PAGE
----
Cuts proposed to help balance Orange County's budget would limit health care for the poor, could put more mentally ill patients on the streets and slow authorities' response to outbreaks of disease.
Not just the poor would be hurt. Cutbacks in the county laboratory also would affect the timeliness of water testing, potentially exposing swimmers and surfers to disease-causing bacteria, according to a list of $8.4 million in programs and services identified Wednesday to help trim the county's $4-billion budget.
If the cuts are enacted, it is likely that some of the smaller county-run clinics would close, said Pat Markley, a spokeswoman for the Orange County Health Care Agency. The clinics provide free immunizations, testing for and treatment of tuberculosis, venereal disease and HIV, prenatal care and preventive care for poor children.
"I'm very concerned about the cuts already identified, and believe any additional reductions will directly impact the safety net of health services that our Orange County citizens require," Julie Poulson, director of the Health Care Agency, said in a statement issued Thursday.
Health care advocates went further. They called the cuts shortsighted and predicted they would lead to higher costs in the long run as people no longer eligible for preventive care become ill and require costly emergency room care.
"Any time deep budget cuts hit, it's the underserved and that underinsured that are hit the hardest," said Bill Wood, president of the PacifiCare Foundation, a nonprofit group in Santa Ana that funds programs dealing with health, education, social services, women and seniors. "It's the poor whose backs are broken."
Health care advocates have long maintained that Orange County is stingy when it comes to funding services for the poor. They said the proposed cuts may exceed those imposed after the county filed for bankruptcy in 1994.
"This is definitely the worst I've seen in 20 years," said John Gilwee, vice president of the Hospital Assn. of Southern California.
Officials said the shortfall is the result of the county being caught in the squeeze of the state budget crisis, which could mean tens of millions less for Orange County. It also must grapple with reduced revenue from property taxes as well as the huge debt incurred during the 1994 bankruptcy.
Across the state, county governments are waiting for the Legislature and Gov. Gray Davis to work out a budget compromise to find out how much they will get. Davis' original budget left little for the counties, but Democrats in the Legislature have proposed tax increases to ease the blow.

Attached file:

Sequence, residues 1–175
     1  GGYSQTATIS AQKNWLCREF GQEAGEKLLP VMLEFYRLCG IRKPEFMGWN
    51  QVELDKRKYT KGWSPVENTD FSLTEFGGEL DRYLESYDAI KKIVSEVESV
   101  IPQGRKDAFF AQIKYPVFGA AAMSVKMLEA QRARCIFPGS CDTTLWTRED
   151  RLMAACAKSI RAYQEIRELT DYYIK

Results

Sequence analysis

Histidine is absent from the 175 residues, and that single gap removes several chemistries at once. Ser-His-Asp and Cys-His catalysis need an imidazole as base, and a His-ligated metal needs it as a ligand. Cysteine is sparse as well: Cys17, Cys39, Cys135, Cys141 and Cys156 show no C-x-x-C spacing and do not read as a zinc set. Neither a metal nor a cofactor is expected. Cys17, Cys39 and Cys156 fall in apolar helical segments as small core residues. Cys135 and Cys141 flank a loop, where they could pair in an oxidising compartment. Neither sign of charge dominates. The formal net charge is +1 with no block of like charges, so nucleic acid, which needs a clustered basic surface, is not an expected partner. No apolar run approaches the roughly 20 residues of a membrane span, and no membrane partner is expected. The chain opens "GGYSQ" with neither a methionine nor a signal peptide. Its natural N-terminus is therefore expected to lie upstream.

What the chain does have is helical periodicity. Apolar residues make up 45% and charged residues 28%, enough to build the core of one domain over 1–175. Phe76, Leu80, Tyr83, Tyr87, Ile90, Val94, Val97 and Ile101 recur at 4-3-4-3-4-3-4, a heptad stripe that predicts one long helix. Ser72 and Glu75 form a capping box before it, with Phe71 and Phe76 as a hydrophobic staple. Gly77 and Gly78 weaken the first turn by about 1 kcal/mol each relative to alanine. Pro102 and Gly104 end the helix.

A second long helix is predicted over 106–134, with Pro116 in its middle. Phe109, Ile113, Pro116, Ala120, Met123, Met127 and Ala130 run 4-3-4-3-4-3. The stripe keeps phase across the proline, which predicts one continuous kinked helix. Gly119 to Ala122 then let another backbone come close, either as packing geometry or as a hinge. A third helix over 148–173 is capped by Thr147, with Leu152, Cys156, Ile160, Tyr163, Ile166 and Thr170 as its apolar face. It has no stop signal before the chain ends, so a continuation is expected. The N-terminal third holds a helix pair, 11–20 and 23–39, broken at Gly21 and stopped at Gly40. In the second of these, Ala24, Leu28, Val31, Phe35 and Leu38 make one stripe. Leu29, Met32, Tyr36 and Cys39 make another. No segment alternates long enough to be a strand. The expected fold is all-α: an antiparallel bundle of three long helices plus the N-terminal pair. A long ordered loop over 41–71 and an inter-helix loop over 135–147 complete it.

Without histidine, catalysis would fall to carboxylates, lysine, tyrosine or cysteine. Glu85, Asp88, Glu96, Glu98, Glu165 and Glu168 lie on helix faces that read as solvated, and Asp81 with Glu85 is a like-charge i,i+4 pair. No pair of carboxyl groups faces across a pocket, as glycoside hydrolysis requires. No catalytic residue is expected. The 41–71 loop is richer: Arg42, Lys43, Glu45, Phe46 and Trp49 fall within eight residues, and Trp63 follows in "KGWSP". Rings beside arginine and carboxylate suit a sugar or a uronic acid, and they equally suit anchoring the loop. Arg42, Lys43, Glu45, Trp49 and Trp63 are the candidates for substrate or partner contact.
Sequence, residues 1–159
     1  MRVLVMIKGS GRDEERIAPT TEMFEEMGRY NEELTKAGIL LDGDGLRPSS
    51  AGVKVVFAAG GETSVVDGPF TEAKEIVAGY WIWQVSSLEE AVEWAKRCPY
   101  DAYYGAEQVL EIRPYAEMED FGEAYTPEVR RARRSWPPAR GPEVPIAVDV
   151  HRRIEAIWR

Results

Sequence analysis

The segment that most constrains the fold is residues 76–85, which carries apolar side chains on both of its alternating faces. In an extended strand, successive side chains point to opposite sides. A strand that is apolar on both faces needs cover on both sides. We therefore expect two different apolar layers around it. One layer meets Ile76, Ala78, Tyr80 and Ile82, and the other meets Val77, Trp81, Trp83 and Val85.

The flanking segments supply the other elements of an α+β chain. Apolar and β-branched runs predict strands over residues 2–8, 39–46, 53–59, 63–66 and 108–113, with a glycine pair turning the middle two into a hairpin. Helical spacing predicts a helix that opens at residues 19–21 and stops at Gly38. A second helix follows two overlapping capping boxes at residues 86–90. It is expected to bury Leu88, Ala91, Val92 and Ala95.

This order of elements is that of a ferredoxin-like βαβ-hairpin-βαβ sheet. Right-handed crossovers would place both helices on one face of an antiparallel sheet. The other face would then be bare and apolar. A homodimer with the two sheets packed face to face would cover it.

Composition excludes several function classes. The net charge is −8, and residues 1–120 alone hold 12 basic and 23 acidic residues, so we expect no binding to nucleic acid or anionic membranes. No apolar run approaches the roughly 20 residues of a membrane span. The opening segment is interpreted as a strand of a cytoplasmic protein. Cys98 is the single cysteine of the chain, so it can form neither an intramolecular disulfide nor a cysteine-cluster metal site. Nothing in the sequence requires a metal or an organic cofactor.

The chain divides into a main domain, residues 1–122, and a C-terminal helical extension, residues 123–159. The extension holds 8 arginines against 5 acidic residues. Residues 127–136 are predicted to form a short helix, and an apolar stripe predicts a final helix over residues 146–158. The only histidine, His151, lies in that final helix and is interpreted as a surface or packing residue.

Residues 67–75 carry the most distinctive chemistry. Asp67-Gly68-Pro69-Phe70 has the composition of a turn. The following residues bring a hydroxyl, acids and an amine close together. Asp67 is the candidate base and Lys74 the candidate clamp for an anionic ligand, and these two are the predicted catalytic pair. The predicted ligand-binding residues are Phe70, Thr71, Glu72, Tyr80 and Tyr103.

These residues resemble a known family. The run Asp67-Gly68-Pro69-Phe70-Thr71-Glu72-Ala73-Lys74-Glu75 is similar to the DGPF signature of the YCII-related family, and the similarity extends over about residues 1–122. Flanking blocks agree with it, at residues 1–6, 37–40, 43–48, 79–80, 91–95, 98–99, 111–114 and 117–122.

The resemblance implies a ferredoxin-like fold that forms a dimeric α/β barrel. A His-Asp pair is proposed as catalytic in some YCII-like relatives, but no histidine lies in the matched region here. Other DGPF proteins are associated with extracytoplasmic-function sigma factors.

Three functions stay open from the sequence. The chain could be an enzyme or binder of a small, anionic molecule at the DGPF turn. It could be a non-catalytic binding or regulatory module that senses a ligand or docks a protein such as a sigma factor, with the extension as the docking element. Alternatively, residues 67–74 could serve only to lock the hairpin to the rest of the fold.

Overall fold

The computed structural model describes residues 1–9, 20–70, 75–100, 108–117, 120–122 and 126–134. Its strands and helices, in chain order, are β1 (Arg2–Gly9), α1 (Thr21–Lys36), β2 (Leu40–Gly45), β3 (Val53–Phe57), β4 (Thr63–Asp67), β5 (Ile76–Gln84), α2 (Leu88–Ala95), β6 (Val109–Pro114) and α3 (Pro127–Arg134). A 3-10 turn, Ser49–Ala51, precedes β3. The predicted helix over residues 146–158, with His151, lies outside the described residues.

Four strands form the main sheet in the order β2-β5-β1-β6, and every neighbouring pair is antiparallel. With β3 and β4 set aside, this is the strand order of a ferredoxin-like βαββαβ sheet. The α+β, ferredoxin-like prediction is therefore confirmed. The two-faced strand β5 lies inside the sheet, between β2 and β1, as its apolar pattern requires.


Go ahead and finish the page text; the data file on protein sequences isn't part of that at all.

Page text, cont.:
The proposed $8.4 million in cuts for the fiscal year beginning July 1 would amount to about 11% of the $71 million the health agency gets from the county. An additional $2.5 million in cuts is recommended the next year.
The Health Care Agency's budget is $471 million, which includes federal and state funds, much of that earmarked for mandatory programs. The county cuts would come in addition to expected reductions in state funding for health care for the poor.
Gilwee said he's heard estimates that as many as 50,000 people in Orange County could lose coverage as state eligibility rules change for Medi-Cal, a program that serves mostly poor children and pregnant women.
"It's likely people will go unserved with their health needs because we have been the safety net for the poor and the underserved in the county," Markley said. "We are very concerned about the cuts, and we're looking at restructuring how we do business."
She also said the Medical Care for the Indigent program, which provides services for those 21 through 64 who make too much to qualify for Medi-Cal and are too young for Medicare, could face cutbacks, as could other programs for the poor.
Mental health care also would be affected. Thirty-three of the county's 544 locked psychiatric beds would be eliminated. Health care advocates said many of those patients probably would land in jail instead of receiving treatment.
"There's an insidious crossover between the mental health system and the criminal justice system," Gilwee said.
A nurse's shift for jail mental health services also would be eliminated.
At the Theo Lacy Branch Jail, the number of sickbeds also would be cut. The number was not available Thursday.
Cutbacks would slow the work of the county's disease control operations and its response to outbreaks of disease and follow up with patients, Markley said.
"It could have a bearing on diseases spreading more quickly," she said.
"We're already in a hiring freeze," she said. "And if we're looking at closing some of the clinics, there will be fewer places to be treated and tested."
Also at risk is a program that sends nurses to the homes of newborns with health problems to ensure they are receiving proper care.
Cuts to the agency's lab budget would slow analysis of patient test results. One program affected would be the testing of the ocean for dangerous bacteria, which lead to beach closures when levels became too high. At present, water samples are turned around in a day, Markley said.
"We're in a lot of trouble," said Felix Schwarz, head of the Health Care Council of Orange County.